New House Prices Up 0.1% in December

February 13, 2017 

The New Housing Price Index (NHPI) edged up 0.1% in December compared with the previous month, largely reflecting price increases in Ontario and Alberta. Prices have risen at the national level for 21 consecutive months.

Among the 21 census metropolitan areas (CMAs) surveyed, new housing prices were up in 10, down in 1 and unchanged in 10.

Kitchener-Cambridge-Waterloo (+0.8%) and St. Catharines–Niagara (+0.8%) recorded the largest price gains among the CMAs covered by the survey. Builders in Kitchener-Cambridge-Waterloo reported higher construction costs, a shortage of developed land, and improving market conditions as reasons for the increase. In St. Catharines-Niagara, builders attributed the price increase to improving market conditions and moving to new phases of building with higher land development costs.

Prices rose 0.3% in Ottawa-Gatineau, Hamilton, Regina and Saskatoon. Builders in Ottawa-Gatineau cited market conditions and new phases of development as reasons for the gain. Builders in Hamilton reported improving market conditions and new phases of land development as reasons for higher prices.

In Regina, builders attributed the price increase to higher construction costs, while builders in Saskatoon pointed to market conditions as the primary driver for the rise.

New housing prices were unchanged in the combined region of Toronto and Oshawa after 22 consecutive monthly price increases.

New housing prices were down 0.1% in London. Builders identified lower negotiated selling prices as the main reason for the decline.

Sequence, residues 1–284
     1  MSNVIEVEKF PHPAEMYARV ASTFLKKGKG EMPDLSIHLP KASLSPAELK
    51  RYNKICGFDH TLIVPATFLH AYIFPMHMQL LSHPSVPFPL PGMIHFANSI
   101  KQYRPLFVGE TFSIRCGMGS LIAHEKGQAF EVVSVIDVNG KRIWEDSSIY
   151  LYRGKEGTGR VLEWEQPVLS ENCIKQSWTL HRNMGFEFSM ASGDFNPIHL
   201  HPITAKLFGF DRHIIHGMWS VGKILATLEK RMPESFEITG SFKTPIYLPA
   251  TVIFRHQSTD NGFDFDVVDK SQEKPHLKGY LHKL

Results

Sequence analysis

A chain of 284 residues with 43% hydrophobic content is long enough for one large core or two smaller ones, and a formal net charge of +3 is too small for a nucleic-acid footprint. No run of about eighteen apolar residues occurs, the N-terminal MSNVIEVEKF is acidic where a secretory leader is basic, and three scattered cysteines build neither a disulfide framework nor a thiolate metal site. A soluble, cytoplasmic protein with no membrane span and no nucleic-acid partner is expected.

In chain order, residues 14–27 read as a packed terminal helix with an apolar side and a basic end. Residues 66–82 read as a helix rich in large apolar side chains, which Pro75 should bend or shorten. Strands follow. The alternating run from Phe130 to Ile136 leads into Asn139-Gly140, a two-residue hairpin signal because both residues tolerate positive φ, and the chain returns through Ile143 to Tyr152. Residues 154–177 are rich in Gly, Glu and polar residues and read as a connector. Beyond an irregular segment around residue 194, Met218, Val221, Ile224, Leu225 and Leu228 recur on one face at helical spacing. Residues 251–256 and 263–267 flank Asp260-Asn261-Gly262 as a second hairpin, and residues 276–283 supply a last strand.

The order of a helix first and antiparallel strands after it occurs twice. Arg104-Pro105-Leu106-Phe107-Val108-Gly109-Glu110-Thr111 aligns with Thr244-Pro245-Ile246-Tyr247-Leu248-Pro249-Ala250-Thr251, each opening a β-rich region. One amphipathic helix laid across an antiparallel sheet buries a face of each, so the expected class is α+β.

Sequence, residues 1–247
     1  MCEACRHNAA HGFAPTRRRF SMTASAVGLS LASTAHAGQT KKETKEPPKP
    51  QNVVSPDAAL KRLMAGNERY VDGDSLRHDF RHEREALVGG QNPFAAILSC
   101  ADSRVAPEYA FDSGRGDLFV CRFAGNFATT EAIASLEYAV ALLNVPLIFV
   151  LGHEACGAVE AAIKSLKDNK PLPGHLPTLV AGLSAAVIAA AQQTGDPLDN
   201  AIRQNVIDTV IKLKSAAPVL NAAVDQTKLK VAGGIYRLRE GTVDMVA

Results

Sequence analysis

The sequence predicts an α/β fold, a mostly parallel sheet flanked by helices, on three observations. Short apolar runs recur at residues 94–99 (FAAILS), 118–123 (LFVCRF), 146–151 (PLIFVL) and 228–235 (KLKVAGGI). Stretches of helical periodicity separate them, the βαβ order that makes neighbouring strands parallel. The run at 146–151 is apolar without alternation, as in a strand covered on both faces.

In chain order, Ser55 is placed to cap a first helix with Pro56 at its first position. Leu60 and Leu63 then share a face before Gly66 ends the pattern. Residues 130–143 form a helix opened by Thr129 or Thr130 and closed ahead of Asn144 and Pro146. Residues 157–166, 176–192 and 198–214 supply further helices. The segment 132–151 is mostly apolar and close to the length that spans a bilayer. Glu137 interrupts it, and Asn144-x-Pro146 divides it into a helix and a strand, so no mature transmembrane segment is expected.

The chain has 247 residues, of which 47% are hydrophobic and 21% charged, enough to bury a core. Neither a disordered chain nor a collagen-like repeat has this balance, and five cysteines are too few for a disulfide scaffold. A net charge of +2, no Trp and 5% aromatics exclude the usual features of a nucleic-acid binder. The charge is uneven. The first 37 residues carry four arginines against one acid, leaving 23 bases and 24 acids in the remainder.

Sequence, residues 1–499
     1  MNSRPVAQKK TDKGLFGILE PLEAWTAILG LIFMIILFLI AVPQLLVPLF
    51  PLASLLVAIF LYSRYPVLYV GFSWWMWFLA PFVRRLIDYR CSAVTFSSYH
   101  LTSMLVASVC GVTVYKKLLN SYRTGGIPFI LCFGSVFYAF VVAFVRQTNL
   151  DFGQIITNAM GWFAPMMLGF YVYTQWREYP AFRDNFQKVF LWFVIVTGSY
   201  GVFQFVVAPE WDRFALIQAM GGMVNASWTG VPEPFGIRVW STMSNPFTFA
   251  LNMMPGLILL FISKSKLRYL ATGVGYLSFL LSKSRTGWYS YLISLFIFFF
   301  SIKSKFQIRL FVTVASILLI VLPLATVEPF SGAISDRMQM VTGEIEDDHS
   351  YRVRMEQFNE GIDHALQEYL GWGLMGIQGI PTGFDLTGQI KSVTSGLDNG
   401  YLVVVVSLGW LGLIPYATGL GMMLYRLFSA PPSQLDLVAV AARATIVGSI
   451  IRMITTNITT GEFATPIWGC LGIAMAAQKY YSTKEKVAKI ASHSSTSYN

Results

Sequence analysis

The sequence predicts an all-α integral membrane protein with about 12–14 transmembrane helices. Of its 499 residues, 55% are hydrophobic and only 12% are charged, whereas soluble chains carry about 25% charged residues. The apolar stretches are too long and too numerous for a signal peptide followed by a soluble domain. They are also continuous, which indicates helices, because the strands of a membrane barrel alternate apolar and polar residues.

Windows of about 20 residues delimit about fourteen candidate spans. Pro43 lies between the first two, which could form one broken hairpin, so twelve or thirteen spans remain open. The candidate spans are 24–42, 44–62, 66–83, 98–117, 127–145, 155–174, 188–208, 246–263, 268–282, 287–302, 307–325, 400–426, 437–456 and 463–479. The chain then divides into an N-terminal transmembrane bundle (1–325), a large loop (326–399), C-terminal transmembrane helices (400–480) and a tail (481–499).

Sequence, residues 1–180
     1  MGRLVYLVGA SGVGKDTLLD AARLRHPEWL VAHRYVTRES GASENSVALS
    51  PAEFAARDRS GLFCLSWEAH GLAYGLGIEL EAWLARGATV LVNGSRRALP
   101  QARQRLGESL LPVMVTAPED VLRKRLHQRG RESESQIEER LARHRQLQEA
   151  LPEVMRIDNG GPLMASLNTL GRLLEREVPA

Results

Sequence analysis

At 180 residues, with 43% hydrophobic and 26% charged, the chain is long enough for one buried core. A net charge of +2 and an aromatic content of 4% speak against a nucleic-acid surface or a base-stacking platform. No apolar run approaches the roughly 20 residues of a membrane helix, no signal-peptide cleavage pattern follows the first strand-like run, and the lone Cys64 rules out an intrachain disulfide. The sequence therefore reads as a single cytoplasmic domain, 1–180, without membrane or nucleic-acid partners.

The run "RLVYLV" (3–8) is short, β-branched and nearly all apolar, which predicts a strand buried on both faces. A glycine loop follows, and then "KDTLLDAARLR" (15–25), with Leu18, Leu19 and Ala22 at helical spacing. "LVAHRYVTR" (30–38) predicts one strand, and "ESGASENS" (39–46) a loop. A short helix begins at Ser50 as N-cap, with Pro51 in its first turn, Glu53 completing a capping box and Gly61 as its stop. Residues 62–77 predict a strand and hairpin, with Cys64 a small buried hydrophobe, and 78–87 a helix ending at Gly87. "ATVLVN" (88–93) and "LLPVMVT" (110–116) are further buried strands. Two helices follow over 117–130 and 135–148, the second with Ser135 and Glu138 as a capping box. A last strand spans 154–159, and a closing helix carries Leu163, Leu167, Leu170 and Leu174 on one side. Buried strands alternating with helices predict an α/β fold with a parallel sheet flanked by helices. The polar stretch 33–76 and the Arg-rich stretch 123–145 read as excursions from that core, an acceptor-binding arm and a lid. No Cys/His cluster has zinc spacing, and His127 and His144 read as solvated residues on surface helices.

New Housing Price Index, 12-month change

The NHPI increased 3.0% over the 12-month period ending in December, reflecting gains in 16 of the CMAs surveyed. The combined metropolitan region of Toronto and Oshawa (+8.0%) was the top contributor to the gain, recording the largest 12-month price increase among the CMAs surveyed.

Other notable year-over-year gains were observed in St. Catharines-Niagara (+5.7%), Victoria (+5.1%) and Windsor (+4.8%).

In December, five metropolitan areas recorded year-over-year price declines, with Saskatoon (-1.4%) posting the largest year-over-year decrease.

The evolution of new housing prices in Canada

As 2017 marks the 150th anniversary of Confederation, we took a look back at an aspect of new housing price movements in Canada.

Prior to the recession of the early 1990s, real estate speculation, growth in immigration and favourable interest rates contributed to upward pressure on prices for new housing. In March 1989, the NHPI at the Canada level posted a record year-over-year increase of 16.6%. Price gains were reported in 19 of the 20 metropolitan areas surveyed, led by the combined metropolitan region of Toronto and Oshawa (+32.7%) and Vancouver (+14.2%).

Following the March 1989 peak, the NHPI rose year over year at an increasingly slower rate for 16 consecutive months. Following no price change in August 1990, the NHPI posted year-over-year price declines for 17 consecutive months.

Source: Statistics Canada,


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